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Romela Petrosyan, MD (2 Posts)

Managing Editor

University of South Carolina School of Medicine - Greenville


Romela is an Internal Medicine resident physician at Greenville Health System. She was born in Yerevan, Armenia and grew up in Moscow, Russia until the age of 15 at which point she immigrated to the United States. She is quadrilingual and has completed her undergraduate education at the University of California, Irvine with Summa Cum Laude and Phi Beta Kappa in Biological Sciences. Romela is a graduate from University of Central Florida College of Medicine and has extensive experience in clinical research, medical education development, publication, and community service. In her free time, she enjoys cross-fit, long-distance running, painting, and choreographing.




Figure 1. “Relationship between System 1 and System 2 thinking.” Daily encounters lead to the activation of System 1 or System 2 thinking. Problems demanding higher levels of thought either directly or indirectly activate System 2. Repetitive exposure decreases the demand for System 2 thinking and increases both productivity and the risk for error.

Systems-Based Thinking: How Subconscious Thought Affects Medical Decision Making

System-based thinking describes a set of subconscious thought processes aptly named System 1 and System 2. The profession of medicine relies heavily on SBT — the ability to rapidly diagnose, treat, and improvise during stressful situations is dependent on these systems, which develop and mature throughout one’s training.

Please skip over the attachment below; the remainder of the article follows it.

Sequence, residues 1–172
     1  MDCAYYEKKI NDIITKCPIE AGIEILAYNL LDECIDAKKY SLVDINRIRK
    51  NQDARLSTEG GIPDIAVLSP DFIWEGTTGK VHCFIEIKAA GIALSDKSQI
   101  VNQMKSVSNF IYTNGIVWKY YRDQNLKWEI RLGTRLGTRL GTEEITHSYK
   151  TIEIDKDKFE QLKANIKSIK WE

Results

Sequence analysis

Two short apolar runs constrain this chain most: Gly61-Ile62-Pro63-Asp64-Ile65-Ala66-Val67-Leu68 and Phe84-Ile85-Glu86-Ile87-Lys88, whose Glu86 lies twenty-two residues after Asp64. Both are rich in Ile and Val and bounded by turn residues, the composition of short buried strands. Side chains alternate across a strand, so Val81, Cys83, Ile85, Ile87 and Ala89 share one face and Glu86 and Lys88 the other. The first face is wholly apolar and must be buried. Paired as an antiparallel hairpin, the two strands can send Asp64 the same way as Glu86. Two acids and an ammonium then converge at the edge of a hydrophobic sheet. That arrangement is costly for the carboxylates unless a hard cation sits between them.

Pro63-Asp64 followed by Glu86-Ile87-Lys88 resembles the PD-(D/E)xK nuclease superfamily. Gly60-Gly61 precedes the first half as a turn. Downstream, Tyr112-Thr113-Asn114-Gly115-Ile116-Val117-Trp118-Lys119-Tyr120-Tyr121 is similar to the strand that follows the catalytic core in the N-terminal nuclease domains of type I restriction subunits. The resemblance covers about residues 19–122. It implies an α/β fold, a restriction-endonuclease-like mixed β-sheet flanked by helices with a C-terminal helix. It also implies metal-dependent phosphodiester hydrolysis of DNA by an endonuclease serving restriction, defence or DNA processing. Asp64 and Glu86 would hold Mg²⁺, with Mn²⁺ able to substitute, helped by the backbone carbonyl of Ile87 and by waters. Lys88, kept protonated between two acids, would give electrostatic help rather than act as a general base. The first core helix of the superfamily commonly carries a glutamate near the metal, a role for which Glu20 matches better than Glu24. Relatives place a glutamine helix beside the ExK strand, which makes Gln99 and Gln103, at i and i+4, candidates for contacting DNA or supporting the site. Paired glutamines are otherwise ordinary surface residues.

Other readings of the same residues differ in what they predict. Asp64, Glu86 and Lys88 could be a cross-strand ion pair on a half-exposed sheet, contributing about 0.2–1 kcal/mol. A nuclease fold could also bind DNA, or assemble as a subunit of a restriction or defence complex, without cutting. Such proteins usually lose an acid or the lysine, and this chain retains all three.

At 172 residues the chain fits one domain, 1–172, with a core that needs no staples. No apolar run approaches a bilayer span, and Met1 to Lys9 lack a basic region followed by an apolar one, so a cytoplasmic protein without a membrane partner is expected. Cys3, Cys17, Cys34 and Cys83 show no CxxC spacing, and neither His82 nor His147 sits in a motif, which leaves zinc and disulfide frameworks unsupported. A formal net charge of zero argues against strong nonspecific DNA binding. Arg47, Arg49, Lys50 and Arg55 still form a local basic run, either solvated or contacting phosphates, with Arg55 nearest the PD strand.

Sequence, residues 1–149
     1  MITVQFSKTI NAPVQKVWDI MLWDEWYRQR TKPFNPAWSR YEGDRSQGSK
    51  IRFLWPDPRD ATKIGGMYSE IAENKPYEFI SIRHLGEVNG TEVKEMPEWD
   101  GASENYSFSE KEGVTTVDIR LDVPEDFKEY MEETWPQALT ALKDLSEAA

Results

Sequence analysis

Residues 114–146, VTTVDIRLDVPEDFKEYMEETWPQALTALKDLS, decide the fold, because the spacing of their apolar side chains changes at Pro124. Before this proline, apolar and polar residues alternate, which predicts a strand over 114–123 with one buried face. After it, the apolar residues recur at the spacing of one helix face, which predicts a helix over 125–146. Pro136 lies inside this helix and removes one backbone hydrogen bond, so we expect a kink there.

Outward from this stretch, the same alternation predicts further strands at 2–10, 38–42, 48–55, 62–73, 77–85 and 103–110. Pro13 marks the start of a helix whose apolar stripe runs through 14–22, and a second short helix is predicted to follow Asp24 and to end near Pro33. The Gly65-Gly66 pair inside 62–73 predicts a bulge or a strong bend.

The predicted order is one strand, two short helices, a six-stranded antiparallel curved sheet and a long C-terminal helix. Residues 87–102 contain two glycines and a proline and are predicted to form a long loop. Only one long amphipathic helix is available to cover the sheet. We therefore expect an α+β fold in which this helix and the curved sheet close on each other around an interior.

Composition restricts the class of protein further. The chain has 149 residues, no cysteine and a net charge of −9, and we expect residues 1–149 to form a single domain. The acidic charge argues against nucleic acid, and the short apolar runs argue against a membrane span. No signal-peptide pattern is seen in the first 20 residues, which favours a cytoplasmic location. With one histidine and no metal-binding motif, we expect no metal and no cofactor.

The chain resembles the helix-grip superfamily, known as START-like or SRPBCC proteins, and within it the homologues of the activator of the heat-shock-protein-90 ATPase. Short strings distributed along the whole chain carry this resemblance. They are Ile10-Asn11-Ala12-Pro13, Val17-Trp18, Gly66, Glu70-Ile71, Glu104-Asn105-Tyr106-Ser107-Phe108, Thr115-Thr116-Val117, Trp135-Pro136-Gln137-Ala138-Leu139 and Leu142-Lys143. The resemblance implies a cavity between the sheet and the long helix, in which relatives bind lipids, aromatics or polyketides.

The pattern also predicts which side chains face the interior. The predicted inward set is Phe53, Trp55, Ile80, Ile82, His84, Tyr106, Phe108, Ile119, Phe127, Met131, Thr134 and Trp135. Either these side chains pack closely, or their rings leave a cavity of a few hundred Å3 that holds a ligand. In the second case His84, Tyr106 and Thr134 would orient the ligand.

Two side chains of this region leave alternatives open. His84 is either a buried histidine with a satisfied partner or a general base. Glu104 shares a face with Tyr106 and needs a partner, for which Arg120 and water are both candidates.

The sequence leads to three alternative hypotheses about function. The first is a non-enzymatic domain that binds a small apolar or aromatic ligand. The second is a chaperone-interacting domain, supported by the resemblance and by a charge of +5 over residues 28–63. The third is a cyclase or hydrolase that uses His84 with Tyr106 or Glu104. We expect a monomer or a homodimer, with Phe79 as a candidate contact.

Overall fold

A Modest Proposal: There is No Substitute for Time in Medicine

Physician burnout has emerged as an increasingly concerning phenomenon in medicine. As high as 51% of physicians in a Medscape survey report symptoms of burnout. Doctors face higher demands with less time and support. Academic medical centers, which historically have been insulated from outside forces, are now seeing larger patient censuses, leaving less time for physicians to work through each patient’s case carefully.

Kusama: On Humanism in Psychiatry

I first heard of Yayoi Kusama last year when her spellbinding exhibit came to the Smithsonian’s Hirshhorn Museum and Sculpture Garden in Washington, D.C. Admittedly late to the international zeitgeist of Kusama, what initially drew me in was her story — a Japanese-American avant-garde artist who suffered from severe mental illness and successfully transformed that suffering into riveting artwork.

Melissa Palma, MD Melissa Palma, MD (4 Posts)

Resident Physician Contributing Writer

Melissa Palma is an aesculapian advocate who trained in family medicine at a Latino-serving community health center. Her writing reflects on the privileges and responsibilities we have as physicians to advance health equity for our patients and our communities. When not in the hospital, you can find her studying or reading non-fiction while nursing a taro boba tea.